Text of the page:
Later, Lois Lane tries to persuade Daily Star reporter Clark to join the Daily Planet, which is owned by Superman's least-favourite businessman, Glen Glenmorgan. And Lex Luthor's transformation of military man John Corben into an anti-alien super-soldier is interrupted by the incursion of an alien hive mind - Brainiac has reached Earth..
This issue reads rather choppily, with no obvious focus, but Grant Morrison's zippy script nevertheless carries us along. I'm not delighted to see the revised origin of Metallo/Corben, and the shrinking of Kandor again so soon given they were dealt with in depth in the old DC continuity, not so long ago. Still, new readers start here, and all that.
The Krypton flashback is simply gorgeous, with Jor-El, Lara and their family looking like sparkling gods, and the removal of Kandor awe-inspiring. Kal-El has never looked more like a 'star-child' than in the opening panel. Art Lyon's colours sizzle in this sequence, while Brad Anderson does a great job with the Earthbound scenes.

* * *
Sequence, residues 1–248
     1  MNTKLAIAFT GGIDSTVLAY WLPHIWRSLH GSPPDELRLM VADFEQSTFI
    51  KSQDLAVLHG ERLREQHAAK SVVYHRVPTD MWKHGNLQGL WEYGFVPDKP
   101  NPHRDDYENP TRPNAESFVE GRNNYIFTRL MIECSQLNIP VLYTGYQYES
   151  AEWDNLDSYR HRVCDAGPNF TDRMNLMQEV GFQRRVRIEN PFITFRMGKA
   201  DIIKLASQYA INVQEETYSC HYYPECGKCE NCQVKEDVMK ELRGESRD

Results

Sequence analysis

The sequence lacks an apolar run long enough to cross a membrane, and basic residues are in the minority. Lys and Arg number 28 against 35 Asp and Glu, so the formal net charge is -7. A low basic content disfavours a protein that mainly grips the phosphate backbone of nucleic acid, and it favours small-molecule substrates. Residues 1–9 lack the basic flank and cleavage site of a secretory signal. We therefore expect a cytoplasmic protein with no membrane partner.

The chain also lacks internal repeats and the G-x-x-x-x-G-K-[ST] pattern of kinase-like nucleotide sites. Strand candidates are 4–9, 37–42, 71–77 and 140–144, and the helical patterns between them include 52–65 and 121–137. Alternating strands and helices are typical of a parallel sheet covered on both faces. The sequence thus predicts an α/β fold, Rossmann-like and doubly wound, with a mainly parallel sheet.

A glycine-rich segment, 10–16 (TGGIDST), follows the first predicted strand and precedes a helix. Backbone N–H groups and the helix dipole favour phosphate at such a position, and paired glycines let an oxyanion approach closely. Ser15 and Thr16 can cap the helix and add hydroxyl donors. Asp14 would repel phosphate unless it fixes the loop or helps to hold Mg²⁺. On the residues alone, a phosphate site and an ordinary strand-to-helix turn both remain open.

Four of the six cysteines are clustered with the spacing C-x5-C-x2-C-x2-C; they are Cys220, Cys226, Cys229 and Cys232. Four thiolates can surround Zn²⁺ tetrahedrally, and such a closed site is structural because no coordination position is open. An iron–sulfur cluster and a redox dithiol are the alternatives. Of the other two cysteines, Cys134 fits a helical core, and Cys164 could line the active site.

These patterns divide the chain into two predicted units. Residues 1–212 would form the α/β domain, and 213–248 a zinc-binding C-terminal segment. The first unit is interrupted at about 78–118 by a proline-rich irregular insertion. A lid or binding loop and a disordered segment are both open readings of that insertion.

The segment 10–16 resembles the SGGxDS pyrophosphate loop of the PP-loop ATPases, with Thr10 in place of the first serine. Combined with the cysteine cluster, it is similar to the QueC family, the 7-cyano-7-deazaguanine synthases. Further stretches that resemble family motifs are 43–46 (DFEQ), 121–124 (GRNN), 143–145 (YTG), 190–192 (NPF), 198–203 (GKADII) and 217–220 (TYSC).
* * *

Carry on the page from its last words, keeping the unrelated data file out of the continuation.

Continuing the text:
Finally, I'd like to drop Krypto's fluffy canine corpse >choke< on whichever DC bean counter decided to charge us $3.99 for just 20 pages of strip. Eight pages of advertorial about the new Superman books? I'll buy that for a dollar - because I have no choice. It's a Marvel-style rip-off and no mistake.